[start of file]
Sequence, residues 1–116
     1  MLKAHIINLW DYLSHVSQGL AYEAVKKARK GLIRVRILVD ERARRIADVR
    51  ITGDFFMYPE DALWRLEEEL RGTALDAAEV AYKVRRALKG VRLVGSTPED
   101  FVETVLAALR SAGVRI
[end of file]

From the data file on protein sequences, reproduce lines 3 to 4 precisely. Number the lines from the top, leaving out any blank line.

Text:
    51  ITGDFFMYPE DALWRLEEEL RGTALDAAEV AYKVRRALKG VRLVGSTPED
   101  FVETVLAALR SAGVRI